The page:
Just one week separated the Malaysia and Bahrain Grand Prix which meant that few updates were seen this weekend. However, the relentless nature of F1 ensures that even small modifications are always being brought to the cars every race weekend and Bahrain was no exception.
Not so much a Bahrain-specific development as it was first seen in Australia, although this weekend represented the first time that this aerodynamic modification was run during the race.
In addition to the wing (or ‘tray’) sandwiched between each ‘tusk’ on the E22, Lotus installed 5 vertical vanes between the bottom of the nose and the horizontal tray. The vanes form a ‘V’ formation, with a larger element spearheading 4 equally sized smaller aerofoils. Interestingly, these vanes were always on the E22 when it featured the tray but they have only just been highlighted this weekend. The vanes must be placed on the car in conjunction with the tray to comply with Article 3.7.8.
The regulations stipulate that in this area of the car (150mm forward of the front wheel centreline and within the Y250 axis), bodywork must be open in cross section.
The horizontal tray alone would create a closed section to the vertical, longitudinal centreline of the car so Lotus have put the vanes in to create an open section. The regulations require an open cross section across the width of the nose, so Lotus placed multiple vanes to meet this requirememt.
The purpose of these vanes is not fully recognised yet, but I’ve had a think and here’s what I’ve come up with. Please bare in mind I’m no aerodynamical wonderkid, this is just my interpretation of what’s going on!
Under ideal circumstances (i.e. travelling in a straight line into laminar airflow), air passes into the gap between the two tusks and forms a small venturi. The venturi isn’t very strong because the tusks are rounded, which means that the air isn’t totally funneled through smoothly. This air then flows backwards towards the splitter under the influence of the under-chassis turning vanes, causing it to splay outwards round each side of the car.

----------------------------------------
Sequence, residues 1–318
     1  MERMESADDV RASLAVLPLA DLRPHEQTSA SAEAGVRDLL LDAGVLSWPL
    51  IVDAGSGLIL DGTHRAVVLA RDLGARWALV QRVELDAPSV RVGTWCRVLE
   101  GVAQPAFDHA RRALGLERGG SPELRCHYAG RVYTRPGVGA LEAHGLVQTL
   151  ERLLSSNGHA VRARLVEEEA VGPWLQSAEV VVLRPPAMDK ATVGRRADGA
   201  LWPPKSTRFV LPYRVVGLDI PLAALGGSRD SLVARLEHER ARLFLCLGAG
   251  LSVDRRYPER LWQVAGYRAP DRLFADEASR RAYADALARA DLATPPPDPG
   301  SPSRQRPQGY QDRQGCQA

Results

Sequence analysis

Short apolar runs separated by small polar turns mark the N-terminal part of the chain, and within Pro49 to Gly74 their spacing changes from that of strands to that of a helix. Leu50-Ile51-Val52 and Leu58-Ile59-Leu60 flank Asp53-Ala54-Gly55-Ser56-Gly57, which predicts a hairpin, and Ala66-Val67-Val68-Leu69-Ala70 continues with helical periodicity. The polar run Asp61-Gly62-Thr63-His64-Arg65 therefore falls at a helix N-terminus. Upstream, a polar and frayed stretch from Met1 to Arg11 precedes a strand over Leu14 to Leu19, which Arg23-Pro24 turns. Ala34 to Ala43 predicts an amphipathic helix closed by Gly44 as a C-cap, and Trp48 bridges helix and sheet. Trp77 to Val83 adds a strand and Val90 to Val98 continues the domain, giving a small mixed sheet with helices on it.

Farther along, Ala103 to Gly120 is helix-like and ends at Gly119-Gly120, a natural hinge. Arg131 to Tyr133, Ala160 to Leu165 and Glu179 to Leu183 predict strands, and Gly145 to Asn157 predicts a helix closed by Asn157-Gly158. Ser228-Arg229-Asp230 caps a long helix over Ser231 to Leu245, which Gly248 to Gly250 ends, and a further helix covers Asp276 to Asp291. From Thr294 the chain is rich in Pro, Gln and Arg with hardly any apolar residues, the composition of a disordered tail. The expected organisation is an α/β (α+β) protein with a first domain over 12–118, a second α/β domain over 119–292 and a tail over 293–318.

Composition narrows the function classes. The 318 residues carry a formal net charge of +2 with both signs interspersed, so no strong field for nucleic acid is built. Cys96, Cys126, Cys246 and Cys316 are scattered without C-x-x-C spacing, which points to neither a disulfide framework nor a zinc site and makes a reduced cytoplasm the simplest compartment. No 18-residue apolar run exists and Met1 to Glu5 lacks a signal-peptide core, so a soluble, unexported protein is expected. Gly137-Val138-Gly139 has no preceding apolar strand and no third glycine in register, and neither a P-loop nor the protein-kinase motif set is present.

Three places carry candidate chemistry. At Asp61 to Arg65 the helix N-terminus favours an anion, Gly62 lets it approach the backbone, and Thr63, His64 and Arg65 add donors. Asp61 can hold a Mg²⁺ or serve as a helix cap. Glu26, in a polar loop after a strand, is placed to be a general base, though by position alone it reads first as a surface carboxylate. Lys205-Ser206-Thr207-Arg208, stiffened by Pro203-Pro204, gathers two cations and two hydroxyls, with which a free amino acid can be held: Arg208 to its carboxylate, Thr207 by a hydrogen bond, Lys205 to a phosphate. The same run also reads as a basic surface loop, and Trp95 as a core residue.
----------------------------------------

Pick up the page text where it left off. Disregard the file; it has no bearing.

An issue about the twin-tusk nose concept was discussed when the car was first launched and it involved how airflow behaves as it travelled over the tusks and into the area between them when the car is in yaw. A pressure gradient could form between one side of the tusk and the other, causing vortices to form as it passes between the two crash structures.
This is where the function of the vanes come in. The above is quite a crude diagram of what I believe could be influencing the airflow as it travels downstream. Vortices roll up between the tusks, but are contained by the horizontal tray below. Airflow is then passed towards the vanes where it acts like a sieve, smoothing out the turbulent flow before its next destination further down the car.
If anyone has an opinion on this please leave it in the comments below!
There are rumours that even if Renault sort out their driveability and system related issues (i.e. software development), the internal combustion V6 turbo itself will still be 40+bhp down on Mercedes. To navigate around this inherent problem, Red Bull decided to remove the cascade winglets on their front wing in a bid to reduce drag. This change was done in conjunction with some minor modifications to the wing itself, effectively an evolution of the one we saw introduced in Australia.
I read an interesting fact the other day that at 240km/h, F1 cars tend to produce around 1200kg of downforce. Each little vane and winglet introduced to the car aims to contribute about 2kg of net downforce. 12kg (with no drag penalty) is worth a tenth of a second per lap, so taking away the cascade winglets will have deducted some 15+kg at that speed. This won’t affect their total downforce production too much but it will go some way to increasing top speed.
The front wing flaps have been revised, in particular in the inboard section which manipulates the Y250 vortex and general airflow around the front suspension where it meets the chassis. The profile of each flap has been bent over, creating a close overlapping effect rather than spaced out as they were previously.
New suspension components arrived for the F14 T to try to improve front turn in. This has been more of a problem for Kimi Raikkonen who is renowned for being very particular about the general feel of the car. This trait stems mainly from his unique demands from the power steering and how the wheel weight changes throughout its motion. Lotus spent the majority of 2012 sorting out a system to Raikkonen’s liking with various iterations tested throughout the year.
Having already been a Ferrari driver in the past, the team must have been well aware of his demands so this shouldn’t be a problem. Raikkonen visually struggles with the car and although the mechanical changes have helped alleviate his issues slightly, he was still locking up a lot and generally man-handling his F14 T. This was particularly evident in Turn 9 where the drivers are on the brakes and turning in slightly before meeting the apex.